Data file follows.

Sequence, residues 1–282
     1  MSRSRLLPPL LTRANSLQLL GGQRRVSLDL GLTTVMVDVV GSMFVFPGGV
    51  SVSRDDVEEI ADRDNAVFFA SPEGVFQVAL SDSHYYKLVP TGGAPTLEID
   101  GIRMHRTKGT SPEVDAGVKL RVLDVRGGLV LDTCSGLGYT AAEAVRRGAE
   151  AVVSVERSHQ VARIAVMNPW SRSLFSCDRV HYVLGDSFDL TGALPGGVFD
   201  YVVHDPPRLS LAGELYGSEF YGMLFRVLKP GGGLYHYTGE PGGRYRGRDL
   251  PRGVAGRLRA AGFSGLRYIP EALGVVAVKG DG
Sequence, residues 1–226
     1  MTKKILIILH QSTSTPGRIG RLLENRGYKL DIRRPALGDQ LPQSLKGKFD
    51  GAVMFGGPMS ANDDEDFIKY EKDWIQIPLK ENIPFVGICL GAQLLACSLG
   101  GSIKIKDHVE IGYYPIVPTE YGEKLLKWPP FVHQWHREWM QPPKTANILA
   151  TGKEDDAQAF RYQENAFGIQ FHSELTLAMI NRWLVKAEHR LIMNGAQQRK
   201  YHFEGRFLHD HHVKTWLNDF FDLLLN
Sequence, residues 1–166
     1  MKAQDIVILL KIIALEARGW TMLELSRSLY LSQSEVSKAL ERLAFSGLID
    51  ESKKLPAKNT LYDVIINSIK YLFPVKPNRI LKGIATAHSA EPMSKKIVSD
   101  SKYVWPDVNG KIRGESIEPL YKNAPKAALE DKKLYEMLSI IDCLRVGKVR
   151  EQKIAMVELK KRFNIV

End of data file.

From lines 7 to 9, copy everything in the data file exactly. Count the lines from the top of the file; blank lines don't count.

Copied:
   251  PRGVAGRLRA AGFSGLRYIP EALGVVAVKG DG
Sequence, residues 1–226
     1  MTKKILIILH QSTSTPGRIG RLLENRGYKL DIRRPALGDQ LPQSLKGKFD